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Drug May Reverse Vascular Damage

June 18, 2008

The hypertension medication olmesartan medoxomil helps reverse the narrowing of the arteries in patients with high blood pressure, U.S. researchers said.

Lead investigator Dr. Carlos M. Ferrario of Wake Forest University Baptist Medical Center in Winston-Salem, N.C., said the study evaluated the effects of an angiotensin receptor blocker — olmesartan medoxomil — versus a beta-blocker — atenolol — on vascular function and structure in patients with stage 1 hypertension.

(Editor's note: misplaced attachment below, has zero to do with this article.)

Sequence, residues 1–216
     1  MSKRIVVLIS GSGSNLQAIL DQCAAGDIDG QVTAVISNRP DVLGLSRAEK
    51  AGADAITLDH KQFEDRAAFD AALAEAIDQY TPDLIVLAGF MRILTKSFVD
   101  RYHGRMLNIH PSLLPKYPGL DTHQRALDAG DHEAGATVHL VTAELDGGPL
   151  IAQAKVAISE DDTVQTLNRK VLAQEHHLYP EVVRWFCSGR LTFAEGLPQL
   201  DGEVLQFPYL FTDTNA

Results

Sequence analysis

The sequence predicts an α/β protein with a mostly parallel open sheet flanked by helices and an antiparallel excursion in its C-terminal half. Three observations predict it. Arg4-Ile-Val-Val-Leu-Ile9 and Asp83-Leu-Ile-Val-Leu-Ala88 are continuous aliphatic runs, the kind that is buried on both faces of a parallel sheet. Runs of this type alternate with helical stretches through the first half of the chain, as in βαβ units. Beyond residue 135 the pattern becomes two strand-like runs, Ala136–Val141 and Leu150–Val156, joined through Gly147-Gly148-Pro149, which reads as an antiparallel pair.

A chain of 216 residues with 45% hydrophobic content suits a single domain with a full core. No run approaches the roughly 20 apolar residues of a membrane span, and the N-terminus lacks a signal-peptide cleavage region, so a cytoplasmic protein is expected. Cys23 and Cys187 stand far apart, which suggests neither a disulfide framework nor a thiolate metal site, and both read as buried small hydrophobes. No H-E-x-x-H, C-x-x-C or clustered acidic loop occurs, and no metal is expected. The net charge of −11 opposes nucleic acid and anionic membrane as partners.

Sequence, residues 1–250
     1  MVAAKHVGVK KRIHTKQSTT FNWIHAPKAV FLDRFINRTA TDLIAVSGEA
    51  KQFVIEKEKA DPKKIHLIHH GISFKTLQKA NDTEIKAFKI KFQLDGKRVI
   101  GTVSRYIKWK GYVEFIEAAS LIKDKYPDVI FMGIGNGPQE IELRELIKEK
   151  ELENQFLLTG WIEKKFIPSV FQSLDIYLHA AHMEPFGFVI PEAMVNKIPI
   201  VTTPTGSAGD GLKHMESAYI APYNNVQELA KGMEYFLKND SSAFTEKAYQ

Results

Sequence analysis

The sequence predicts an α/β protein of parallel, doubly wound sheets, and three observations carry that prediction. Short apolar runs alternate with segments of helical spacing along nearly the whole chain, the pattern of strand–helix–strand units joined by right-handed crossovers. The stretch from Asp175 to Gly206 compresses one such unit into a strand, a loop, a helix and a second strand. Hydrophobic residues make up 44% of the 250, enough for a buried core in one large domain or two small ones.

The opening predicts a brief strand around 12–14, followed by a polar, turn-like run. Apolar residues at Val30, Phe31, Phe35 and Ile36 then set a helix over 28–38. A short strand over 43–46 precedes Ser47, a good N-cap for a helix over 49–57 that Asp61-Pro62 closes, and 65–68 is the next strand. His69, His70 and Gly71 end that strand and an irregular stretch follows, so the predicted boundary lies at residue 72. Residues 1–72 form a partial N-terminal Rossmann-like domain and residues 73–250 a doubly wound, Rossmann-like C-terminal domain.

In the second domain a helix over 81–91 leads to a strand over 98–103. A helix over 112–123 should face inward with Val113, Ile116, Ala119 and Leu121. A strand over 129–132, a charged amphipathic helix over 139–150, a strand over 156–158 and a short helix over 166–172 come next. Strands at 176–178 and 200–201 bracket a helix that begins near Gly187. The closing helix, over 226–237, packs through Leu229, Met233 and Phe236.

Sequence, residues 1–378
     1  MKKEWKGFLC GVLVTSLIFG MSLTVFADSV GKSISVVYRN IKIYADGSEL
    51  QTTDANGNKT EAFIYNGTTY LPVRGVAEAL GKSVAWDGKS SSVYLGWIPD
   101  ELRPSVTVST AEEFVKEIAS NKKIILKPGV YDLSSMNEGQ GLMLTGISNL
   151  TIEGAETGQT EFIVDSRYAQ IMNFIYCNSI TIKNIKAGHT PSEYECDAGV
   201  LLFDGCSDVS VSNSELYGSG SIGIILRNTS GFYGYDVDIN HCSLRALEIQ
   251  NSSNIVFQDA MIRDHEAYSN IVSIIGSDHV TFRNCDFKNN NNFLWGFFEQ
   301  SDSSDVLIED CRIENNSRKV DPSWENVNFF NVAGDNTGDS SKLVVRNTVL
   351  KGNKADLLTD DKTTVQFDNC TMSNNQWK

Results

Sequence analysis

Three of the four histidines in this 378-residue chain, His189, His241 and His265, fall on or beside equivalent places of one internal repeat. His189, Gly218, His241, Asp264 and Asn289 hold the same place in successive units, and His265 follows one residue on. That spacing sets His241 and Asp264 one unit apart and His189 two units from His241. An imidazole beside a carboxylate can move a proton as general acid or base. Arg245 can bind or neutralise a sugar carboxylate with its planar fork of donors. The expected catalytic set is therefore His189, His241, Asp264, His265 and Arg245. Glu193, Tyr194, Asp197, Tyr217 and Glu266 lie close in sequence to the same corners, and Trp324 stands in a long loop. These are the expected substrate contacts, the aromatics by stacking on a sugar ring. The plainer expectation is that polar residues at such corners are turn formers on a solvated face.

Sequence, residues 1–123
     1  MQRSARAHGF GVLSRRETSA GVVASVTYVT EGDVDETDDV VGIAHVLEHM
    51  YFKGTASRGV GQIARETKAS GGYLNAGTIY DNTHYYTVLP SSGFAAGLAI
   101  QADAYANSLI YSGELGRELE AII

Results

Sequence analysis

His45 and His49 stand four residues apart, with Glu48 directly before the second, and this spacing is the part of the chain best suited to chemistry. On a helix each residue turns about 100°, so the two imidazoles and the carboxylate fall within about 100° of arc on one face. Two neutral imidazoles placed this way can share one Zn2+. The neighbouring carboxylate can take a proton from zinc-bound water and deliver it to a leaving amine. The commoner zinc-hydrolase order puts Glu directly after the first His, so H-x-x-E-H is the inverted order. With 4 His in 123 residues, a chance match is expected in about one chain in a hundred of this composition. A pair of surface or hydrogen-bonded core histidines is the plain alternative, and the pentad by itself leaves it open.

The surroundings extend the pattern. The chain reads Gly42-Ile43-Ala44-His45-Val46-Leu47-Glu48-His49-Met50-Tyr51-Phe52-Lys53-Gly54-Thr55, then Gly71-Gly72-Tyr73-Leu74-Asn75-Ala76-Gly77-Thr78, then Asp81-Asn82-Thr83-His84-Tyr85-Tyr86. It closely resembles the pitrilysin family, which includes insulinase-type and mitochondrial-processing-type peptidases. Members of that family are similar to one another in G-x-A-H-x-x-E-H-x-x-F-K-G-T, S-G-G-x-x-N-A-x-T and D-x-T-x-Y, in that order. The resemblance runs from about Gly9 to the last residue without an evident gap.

The study, published in the Journal of the American Society of Hypertension, found after one year of treatment, olmesartan medoxomil improved the artery abnormalities in high blood pressure patients and returned arterial architecture to normal levels, Ferrario said. However, this was not seen with the atenolol.

Olmesartan medoxomil is a member of a class of anti-hypertensive medications that help lower blood pressure by blocking the angiotensin II receptor on the blood vessels that causes constriction and increase blood pressure. This medication also blocks the release of a hormone that causes salt retention and increased blood volume.

Olmesartan medoxomil is marketed in the United States as Benicar and in Europe as Olmetec by Daiichi Sankyo Inc., which funded the study.




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